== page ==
The P.E.I government is increasing the funding and supports available to seniors as part of its Seniors Independence Initiative.
The initiative offers financial support and other services like housekeeping, snow removal, lawn mowing, home maintenance, and transportation for the elderly above the age of 65.
The income thresholds for applicants to the program have no rose to a maximum of $26,500 for individuals and $34,000 for a couple.
The government is making these amendments with the goal of keeping seniors in their homes and communities for as long as possible, according to Brad Trivers, provincial minister of social development and housing.
“More people can access the funding. We’re making it simpler for them to get the funding,” Trivers said in an interview with CBC’s Angela Walker.
“We’re also increasing the scope of the services and really allowing seniors to choose what they need.”
As part of the program, seniors are now eligible for a disability parking pass and Lifeline Medical Alert System, which allows one to call for help, even if they can’t speak.
Family persons are additionally considered eligible service providers even if they do not live in the same home as the elderly.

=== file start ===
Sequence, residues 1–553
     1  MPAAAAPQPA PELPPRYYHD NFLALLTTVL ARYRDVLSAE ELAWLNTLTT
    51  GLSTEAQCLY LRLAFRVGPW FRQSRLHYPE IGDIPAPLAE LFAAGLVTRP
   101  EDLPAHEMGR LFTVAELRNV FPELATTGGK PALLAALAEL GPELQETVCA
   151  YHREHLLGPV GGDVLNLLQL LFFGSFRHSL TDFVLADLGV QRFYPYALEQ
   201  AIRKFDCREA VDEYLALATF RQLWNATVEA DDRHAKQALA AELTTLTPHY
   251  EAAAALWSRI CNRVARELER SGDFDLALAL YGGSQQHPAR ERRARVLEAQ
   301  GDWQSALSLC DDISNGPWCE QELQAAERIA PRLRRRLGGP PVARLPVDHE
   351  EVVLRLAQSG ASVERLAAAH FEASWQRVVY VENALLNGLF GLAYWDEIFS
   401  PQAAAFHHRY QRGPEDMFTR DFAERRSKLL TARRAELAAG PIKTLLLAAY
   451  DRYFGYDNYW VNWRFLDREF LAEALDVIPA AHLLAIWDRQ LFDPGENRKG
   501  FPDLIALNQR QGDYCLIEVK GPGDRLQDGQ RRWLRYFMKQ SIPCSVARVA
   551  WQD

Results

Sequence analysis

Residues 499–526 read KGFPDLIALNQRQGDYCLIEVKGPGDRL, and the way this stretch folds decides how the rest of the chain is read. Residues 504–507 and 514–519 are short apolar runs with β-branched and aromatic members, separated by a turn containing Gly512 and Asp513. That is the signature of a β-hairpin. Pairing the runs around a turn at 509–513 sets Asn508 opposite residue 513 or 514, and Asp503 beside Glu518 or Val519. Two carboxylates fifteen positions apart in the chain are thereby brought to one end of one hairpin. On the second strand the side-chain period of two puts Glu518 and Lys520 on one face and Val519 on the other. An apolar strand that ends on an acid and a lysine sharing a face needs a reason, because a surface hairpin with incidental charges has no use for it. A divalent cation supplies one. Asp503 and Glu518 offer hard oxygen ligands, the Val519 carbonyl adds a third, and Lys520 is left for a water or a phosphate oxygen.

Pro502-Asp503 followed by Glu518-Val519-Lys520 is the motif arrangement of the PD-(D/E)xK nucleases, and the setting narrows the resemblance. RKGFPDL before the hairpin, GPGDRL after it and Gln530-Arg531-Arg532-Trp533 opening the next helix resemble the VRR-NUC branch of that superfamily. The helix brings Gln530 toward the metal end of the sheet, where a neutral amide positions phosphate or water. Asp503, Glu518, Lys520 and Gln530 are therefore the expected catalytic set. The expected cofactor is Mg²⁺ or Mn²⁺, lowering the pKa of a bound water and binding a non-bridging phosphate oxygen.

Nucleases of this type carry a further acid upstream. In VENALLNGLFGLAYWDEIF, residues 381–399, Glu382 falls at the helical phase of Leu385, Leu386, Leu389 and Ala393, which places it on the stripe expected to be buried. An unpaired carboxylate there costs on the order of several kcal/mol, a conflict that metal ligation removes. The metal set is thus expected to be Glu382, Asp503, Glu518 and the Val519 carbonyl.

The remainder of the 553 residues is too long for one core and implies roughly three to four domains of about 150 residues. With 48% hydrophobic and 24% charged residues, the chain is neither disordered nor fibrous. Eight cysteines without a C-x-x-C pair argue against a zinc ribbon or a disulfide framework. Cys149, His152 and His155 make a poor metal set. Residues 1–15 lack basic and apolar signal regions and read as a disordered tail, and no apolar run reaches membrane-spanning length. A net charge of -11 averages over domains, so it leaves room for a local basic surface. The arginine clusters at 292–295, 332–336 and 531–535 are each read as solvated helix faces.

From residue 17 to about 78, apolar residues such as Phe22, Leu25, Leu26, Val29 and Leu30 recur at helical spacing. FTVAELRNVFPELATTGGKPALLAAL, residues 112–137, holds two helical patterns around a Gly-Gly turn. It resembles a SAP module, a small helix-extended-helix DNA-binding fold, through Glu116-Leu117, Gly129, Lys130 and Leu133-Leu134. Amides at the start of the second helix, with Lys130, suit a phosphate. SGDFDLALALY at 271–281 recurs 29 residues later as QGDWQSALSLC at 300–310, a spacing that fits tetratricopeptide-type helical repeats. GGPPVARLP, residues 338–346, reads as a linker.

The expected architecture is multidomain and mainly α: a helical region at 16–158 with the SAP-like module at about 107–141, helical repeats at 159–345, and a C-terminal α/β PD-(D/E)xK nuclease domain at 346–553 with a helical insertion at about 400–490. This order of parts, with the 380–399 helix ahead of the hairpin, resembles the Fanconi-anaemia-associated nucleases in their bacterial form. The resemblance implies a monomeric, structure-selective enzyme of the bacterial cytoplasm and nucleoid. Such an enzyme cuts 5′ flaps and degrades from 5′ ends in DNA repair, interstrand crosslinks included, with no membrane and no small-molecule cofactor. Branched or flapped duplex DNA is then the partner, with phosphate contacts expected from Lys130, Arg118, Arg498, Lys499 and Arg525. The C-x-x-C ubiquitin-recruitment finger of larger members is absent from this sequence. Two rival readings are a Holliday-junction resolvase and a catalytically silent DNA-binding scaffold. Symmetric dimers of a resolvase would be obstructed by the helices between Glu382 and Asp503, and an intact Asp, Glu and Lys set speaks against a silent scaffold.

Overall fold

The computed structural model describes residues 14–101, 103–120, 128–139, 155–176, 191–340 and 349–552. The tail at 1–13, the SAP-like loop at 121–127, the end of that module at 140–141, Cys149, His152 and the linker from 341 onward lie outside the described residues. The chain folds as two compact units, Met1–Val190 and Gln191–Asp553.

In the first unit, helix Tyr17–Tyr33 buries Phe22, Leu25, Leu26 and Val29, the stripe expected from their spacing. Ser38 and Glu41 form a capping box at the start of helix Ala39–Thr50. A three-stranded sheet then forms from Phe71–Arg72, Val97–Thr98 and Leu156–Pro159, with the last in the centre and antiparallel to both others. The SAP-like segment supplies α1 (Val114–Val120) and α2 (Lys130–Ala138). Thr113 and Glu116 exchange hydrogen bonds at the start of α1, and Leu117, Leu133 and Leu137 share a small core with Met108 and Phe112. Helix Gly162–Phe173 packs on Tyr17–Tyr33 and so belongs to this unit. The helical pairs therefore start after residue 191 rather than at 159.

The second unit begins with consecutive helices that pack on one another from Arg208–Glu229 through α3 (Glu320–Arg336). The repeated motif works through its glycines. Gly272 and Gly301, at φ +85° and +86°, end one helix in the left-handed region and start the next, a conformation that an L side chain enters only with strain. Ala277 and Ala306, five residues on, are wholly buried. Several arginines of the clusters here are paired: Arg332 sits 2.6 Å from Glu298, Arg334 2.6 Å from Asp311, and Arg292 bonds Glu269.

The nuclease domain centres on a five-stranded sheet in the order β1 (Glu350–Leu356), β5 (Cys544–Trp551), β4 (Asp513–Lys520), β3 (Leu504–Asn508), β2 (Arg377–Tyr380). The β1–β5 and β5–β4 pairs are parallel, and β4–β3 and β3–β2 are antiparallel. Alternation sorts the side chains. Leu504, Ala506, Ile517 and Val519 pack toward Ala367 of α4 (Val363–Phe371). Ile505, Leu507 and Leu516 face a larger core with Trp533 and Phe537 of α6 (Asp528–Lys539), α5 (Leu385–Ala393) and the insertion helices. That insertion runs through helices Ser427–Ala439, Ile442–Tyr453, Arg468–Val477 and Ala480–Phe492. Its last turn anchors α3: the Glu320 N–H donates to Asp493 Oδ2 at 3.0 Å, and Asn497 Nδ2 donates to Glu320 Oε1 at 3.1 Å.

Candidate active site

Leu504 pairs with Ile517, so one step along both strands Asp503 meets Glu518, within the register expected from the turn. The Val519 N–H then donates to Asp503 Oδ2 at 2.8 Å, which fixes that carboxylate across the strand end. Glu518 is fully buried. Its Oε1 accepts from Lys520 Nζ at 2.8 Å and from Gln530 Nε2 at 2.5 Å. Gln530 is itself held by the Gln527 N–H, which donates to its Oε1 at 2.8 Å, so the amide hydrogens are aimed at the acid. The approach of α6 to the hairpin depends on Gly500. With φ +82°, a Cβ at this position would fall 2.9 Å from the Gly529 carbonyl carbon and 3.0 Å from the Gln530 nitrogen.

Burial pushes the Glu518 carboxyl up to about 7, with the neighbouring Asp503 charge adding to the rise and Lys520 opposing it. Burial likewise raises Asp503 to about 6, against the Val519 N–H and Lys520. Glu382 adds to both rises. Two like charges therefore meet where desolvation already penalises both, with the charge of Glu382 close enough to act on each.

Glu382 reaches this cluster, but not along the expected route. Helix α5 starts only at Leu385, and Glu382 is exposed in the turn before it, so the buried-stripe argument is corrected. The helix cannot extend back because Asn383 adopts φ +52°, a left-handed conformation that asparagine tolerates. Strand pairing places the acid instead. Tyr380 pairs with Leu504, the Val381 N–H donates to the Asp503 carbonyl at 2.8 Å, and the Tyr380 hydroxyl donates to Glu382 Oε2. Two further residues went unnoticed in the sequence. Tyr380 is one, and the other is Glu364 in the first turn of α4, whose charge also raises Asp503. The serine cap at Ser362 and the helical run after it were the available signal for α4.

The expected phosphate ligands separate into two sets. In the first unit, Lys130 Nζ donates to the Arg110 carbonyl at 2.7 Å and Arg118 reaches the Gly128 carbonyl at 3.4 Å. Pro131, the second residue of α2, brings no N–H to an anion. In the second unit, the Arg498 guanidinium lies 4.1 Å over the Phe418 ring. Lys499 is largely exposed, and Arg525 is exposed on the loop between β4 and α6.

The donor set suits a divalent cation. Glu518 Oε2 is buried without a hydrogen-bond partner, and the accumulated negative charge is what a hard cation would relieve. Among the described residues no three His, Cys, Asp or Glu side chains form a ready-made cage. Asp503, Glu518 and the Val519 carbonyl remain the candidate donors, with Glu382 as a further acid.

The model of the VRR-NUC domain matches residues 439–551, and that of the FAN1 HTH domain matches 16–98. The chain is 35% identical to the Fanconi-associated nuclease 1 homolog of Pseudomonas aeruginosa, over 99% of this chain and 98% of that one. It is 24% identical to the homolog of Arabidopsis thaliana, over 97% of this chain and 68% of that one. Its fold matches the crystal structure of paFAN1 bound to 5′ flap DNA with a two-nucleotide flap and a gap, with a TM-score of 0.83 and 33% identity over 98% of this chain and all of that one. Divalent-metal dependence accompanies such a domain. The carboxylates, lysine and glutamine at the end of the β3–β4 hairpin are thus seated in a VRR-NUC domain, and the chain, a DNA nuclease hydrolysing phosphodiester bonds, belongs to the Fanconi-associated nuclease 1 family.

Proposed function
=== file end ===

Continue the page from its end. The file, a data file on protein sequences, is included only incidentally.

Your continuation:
In the past, the program operated on a rebate basis but now the regional government will pay seniors upfront.
“If you say, ‘Look, I really need help with snow removal or mowing my lawn,’ we say, ‘OK. How much does that cost?’ and then we’ll transfer the money to you from up to the amount you’re eligible for,” Trivers said.
Based on their income, seniors are eligible for up to $1,500 yearly in financial help from the program.
Another major amendment in the program is that seniors no longer need to be assessed to receive financial assistance. Previously, they may have been asked a number of questions regarding how capable they were performing certain tasks before getting a service. Now the process is simpler.
“If you say you need it, you got it,” said Trivers.
Making supports more accessible
There are currently around 800 P.E.I residents accessing the program.
“Many have heard stories about that senior that’s not accessing supports because they find it too hard to access,” said Trivers. “We want to make sure that seniors get the services they need, can access this program in a kind of easy and comprehensive way.
“They’ve typically spent their entire life contributing to society and now it’s our turn to support them in their retirement.”
Seniors in the province can find application forms on the Island’s official website, at any Access P.E.I office, or by calling 211.